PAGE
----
Born in England, Richard Lonsdale-Hands was a highly successful London-based industrial and package designer. After beginning his professional career as a designer on London’s Fleet Street, in 1937, at the age of twenty-four, Lonsdale-Hands broke out on his own, founding Richard Lonsdale-Hands Associates. Lonsdale-Hands’s company (later the Lonsdale Hands Organisation Ltd) subsequently became the largest European industrial design and market research firm of its time (he also acquired Greenly’s Ltd, a major London advertising agency, further expanding his empire.) Lonsdale-Hands was a leader in British design, and by his mid-30s was an internationally recognized captain of industry.
Lonsdale-Hands spent the war years designing camouflage for the British army. Always attuned to art, and especially enamored of modernist painting, Lonsdale-Hands began to paint in 1947 as a means of recreation and self-expression. By his own admission, design had an inherent limitation to creativity, as it primarily required that aesthetics be subordinated to practical and commercial concerns. Lonsdale-Hands turned to painting as a means of exercising his creative engine. Though initially art was for him a second vocation, Lonsdale-Hands grew increasingly serious about his painting, eventually pursuing a public career as an artist. He was also prolific, producing over 500 paintings from 1947 until his untimely death in 1969.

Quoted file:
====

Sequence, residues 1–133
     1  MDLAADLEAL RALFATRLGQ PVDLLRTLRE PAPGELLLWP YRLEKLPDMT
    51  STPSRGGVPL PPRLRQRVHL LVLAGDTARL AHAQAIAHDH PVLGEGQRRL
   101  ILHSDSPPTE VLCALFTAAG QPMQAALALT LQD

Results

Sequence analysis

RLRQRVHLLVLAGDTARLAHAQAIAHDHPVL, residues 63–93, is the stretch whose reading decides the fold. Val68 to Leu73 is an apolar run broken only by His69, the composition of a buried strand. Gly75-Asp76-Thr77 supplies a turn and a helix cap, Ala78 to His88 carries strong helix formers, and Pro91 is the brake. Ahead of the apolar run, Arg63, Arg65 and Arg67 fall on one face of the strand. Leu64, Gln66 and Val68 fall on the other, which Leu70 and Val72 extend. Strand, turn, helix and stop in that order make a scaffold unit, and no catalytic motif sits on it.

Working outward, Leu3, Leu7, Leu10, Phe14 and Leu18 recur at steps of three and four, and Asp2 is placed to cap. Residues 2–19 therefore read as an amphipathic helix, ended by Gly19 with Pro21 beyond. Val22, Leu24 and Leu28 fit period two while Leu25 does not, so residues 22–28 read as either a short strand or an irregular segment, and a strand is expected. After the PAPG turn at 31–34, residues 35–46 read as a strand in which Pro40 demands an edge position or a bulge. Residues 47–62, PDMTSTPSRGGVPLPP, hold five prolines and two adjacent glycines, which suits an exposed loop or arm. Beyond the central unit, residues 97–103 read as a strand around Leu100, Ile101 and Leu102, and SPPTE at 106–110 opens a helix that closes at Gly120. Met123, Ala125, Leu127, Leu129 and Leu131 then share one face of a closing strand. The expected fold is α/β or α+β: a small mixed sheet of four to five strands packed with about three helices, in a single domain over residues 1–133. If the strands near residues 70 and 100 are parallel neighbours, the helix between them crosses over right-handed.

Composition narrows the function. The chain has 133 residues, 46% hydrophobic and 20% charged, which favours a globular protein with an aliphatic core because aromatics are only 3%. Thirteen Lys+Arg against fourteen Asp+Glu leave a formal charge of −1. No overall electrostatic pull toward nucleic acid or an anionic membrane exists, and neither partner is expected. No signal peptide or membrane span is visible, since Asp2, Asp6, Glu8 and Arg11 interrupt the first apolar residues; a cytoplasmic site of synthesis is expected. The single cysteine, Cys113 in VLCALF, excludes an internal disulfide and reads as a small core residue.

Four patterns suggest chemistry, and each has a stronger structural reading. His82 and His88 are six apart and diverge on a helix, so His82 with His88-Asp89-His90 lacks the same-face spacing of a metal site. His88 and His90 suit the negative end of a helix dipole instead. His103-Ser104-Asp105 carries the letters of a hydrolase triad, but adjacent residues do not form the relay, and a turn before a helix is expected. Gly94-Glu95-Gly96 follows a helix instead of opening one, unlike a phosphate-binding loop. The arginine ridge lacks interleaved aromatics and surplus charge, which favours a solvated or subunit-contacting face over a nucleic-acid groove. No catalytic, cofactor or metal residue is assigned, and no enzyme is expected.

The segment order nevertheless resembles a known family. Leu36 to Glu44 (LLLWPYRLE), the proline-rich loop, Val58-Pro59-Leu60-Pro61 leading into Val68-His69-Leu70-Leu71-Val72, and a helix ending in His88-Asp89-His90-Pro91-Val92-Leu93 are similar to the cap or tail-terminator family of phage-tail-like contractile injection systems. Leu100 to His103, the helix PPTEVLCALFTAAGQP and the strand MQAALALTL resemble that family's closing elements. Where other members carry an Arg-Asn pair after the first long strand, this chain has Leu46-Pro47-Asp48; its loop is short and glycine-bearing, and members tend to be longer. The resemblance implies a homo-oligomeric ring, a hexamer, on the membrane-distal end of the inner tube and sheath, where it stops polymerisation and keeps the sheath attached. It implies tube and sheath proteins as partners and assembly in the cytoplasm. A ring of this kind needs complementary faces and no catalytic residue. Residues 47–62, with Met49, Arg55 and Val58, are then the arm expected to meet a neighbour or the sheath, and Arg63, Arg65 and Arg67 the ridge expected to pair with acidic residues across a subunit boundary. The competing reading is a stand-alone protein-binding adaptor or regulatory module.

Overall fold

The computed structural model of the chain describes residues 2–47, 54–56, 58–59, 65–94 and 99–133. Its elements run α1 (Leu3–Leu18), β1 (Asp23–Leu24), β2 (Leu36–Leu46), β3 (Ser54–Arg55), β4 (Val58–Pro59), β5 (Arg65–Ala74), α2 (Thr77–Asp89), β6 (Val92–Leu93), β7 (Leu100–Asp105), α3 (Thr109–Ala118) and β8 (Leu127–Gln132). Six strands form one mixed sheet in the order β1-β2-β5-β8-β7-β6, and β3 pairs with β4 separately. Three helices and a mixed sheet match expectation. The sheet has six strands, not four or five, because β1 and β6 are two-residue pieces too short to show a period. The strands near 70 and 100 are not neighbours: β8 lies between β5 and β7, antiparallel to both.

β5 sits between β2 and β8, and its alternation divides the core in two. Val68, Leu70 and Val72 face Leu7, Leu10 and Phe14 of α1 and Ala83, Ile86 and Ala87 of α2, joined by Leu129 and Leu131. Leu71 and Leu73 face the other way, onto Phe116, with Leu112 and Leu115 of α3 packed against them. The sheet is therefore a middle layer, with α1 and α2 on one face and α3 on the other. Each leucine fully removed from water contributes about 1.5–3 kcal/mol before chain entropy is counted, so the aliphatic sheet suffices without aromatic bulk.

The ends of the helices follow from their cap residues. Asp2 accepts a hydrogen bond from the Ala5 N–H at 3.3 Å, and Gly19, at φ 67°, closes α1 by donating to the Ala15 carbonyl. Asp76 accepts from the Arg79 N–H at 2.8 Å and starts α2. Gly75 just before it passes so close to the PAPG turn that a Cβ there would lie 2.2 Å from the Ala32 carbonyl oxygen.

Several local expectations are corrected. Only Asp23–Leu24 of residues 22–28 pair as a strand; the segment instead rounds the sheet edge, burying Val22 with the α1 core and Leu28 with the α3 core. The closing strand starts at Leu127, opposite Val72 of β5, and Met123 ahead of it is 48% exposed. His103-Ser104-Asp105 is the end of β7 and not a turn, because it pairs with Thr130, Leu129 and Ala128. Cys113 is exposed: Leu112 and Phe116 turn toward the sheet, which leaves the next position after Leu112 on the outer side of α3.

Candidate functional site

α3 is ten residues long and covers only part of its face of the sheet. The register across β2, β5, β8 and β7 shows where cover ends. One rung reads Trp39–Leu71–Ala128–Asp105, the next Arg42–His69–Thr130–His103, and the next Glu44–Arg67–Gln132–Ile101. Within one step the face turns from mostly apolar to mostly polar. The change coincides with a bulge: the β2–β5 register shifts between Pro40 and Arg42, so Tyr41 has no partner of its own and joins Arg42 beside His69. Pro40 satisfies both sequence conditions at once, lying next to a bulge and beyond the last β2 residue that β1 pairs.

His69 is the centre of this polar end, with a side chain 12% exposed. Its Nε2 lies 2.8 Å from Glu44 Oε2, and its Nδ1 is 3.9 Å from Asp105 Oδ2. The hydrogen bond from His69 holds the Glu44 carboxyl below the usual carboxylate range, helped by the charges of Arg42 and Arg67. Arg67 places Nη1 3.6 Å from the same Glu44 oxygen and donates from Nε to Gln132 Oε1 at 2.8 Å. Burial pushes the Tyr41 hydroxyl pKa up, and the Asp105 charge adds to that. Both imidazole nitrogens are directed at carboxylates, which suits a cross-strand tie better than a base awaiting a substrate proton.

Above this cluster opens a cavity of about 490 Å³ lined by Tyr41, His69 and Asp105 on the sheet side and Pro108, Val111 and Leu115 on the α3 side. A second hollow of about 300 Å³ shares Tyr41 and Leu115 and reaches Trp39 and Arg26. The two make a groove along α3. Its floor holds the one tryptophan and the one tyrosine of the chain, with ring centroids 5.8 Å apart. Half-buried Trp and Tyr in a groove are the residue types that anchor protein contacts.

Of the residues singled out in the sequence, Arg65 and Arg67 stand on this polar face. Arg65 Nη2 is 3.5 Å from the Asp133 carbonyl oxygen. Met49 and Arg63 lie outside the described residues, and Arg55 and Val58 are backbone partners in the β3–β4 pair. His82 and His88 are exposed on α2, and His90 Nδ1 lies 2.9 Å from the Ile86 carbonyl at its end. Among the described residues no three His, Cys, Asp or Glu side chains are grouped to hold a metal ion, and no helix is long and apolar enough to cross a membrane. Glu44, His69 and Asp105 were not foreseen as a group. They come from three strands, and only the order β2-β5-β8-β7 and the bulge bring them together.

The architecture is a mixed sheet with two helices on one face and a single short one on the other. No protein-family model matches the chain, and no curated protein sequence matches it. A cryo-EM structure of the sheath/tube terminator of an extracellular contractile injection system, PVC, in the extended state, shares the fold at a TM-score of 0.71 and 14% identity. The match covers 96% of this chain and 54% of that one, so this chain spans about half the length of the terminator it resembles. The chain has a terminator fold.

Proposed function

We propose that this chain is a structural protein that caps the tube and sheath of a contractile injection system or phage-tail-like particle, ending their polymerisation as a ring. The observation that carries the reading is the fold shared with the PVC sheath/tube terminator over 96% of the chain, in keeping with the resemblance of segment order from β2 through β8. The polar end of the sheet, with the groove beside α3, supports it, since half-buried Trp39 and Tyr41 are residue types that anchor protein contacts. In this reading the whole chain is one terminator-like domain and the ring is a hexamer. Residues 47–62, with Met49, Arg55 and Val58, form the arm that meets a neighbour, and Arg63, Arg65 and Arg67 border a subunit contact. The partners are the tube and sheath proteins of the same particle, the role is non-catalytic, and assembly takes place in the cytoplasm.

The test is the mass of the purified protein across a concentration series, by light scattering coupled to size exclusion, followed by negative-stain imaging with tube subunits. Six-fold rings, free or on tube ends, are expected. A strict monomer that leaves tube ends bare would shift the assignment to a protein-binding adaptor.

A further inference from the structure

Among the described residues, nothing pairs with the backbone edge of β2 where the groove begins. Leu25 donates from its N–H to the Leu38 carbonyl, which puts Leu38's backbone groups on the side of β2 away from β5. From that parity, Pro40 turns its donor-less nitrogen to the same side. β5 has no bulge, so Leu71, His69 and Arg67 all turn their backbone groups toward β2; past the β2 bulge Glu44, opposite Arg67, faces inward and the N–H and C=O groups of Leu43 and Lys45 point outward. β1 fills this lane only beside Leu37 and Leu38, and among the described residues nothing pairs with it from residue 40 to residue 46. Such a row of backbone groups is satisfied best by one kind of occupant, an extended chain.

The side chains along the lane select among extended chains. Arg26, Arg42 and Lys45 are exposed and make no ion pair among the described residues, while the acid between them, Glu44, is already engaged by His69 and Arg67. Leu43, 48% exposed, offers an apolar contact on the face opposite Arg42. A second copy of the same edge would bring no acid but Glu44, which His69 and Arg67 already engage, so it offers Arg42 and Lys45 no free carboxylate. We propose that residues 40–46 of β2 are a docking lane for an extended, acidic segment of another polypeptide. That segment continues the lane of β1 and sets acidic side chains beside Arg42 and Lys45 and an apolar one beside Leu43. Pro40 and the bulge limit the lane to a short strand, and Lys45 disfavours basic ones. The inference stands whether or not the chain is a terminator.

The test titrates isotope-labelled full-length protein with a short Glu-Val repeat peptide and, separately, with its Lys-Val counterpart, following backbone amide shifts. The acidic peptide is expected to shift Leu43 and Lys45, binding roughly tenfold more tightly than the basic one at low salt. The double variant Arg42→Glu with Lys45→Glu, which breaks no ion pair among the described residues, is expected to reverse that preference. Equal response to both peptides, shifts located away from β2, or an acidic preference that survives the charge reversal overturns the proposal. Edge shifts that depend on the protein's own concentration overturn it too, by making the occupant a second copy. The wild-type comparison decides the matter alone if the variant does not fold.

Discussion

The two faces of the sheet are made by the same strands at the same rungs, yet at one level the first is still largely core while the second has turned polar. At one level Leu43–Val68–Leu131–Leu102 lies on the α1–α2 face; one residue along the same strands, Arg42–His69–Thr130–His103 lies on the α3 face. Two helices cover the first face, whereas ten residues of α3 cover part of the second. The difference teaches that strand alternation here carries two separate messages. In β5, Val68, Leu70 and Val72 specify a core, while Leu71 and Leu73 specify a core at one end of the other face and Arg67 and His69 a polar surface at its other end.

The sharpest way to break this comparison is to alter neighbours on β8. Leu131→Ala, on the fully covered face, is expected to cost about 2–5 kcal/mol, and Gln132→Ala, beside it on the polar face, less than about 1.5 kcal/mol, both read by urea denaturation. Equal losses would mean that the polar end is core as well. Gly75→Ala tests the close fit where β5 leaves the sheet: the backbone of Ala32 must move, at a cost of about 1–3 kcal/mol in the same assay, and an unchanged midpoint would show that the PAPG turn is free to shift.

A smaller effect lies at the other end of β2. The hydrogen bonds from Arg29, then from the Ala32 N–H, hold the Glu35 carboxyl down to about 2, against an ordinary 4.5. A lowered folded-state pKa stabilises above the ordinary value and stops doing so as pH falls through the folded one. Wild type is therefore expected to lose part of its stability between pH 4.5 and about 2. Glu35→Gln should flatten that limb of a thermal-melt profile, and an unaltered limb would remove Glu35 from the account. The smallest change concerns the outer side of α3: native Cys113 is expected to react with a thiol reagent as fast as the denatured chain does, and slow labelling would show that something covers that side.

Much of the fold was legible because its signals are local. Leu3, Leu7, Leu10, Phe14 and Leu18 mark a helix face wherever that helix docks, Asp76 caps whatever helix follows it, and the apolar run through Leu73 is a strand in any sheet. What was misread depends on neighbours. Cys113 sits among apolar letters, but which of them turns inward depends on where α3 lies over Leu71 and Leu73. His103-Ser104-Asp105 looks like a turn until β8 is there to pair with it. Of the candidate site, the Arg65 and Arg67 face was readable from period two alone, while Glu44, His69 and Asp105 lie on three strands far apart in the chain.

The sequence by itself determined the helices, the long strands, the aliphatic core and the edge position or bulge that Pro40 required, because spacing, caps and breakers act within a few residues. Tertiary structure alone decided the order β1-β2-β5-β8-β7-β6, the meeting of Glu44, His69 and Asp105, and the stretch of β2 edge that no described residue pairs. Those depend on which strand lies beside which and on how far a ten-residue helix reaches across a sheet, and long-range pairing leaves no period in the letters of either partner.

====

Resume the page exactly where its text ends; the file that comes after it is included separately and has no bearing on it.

Explaining his motivation to begin painting, Lonsdale-Hands wrote to a friend: “I felt suddenly that I must paint. I had no preconceived ideas, I had been influenced by no books, no movements or fashion, and by no knowledge. Being a designer I had created a great deal of work, but always in a medium and to the brief or even the whims of the client. It was as if I had been a portrait painter—in an engineering sense—and from this situation a certain tension inevitably resulted.” His letter notwithstanding, Lonsdale-Hands’s work is clearly marked by influences from various trends in modern art, including work by artists such as Picasso, Matisse, Van Gogh, Kirchner, Van Dongen, Nolde, and other expressionist artists. Energy and vigor characterize his paintings, and indeed he noted of his working method that “my policy is to attack a canvas, rather than paint it.” It is this spontaneous, aggressive approach that gives Lonsdale-Hands’s work its vitality and freshness. His subjects come almost entirely from his private life—portraits, self-portraits, figure paintings, animals, still lifes, views of the places he lived and visited—but all merely provide the basis for his free expression in color and form.